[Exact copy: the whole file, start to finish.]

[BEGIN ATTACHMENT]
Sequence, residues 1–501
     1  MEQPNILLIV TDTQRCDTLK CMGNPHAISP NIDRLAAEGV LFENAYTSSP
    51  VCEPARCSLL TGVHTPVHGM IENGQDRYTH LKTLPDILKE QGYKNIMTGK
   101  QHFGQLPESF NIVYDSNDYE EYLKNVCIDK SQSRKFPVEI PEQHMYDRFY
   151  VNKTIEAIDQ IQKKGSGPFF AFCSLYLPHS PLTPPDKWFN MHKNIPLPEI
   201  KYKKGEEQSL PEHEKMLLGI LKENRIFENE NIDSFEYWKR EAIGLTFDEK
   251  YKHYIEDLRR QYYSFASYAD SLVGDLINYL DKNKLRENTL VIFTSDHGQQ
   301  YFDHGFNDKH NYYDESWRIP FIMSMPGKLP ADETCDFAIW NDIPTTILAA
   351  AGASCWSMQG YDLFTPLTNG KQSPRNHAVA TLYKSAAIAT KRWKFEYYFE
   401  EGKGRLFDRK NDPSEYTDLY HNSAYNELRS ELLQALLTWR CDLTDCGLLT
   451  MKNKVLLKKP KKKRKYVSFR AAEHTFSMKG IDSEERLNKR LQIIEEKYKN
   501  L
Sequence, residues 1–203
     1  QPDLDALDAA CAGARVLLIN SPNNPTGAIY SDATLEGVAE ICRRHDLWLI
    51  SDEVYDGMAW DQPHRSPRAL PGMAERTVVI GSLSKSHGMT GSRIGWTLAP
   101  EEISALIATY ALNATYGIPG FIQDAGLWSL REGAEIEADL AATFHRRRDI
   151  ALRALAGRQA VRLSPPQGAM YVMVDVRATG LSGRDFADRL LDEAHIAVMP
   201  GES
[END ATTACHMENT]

Sequence, residues 1–501
     1  MEQPNILLIV TDTQRCDTLK CMGNPHAISP NIDRLAAEGV LFENAYTSSP
    51  VCEPARCSLL TGVHTPVHGM IENGQDRYTH LKTLPDILKE QGYKNIMTGK
   101  QHFGQLPESF NIVYDSNDYE EYLKNVCIDK SQSRKFPVEI PEQHMYDRFY
   151  VNKTIEAIDQ IQKKGSGPFF AFCSLYLPHS PLTPPDKWFN MHKNIPLPEI
   201  KYKKGEEQSL PEHEKMLLGI LKENRIFENE NIDSFEYWKR EAIGLTFDEK
   251  YKHYIEDLRR QYYSFASYAD SLVGDLINYL DKNKLRENTL VIFTSDHGQQ
   301  YFDHGFNDKH NYYDESWRIP FIMSMPGKLP ADETCDFAIW NDIPTTILAA
   351  AGASCWSMQG YDLFTPLTNG KQSPRNHAVA TLYKSAAIAT KRWKFEYYFE
   401  EGKGRLFDRK NDPSEYTDLY HNSAYNELRS ELLQALLTWR CDLTDCGLLT
   451  MKNKVLLKKP KKKRKYVSFR AAEHTFSMKG IDSEERLNKR LQIIEEKYKN
   501  L
Sequence, residues 1–203
     1  QPDLDALDAA CAGARVLLIN SPNNPTGAIY SDATLEGVAE ICRRHDLWLI
    51  SDEVYDGMAW DQPHRSPRAL PGMAERTVVI GSLSKSHGMT GSRIGWTLAP
   101  EEISALIATY ALNATYGIPG FIQDAGLWSL REGAEIEADL AATFHRRRDI
   151  ALRALAGRQA VRLSPPQGAM YVMVDVRATG LSGRDFADRL LDEAHIAVMP
   201  GES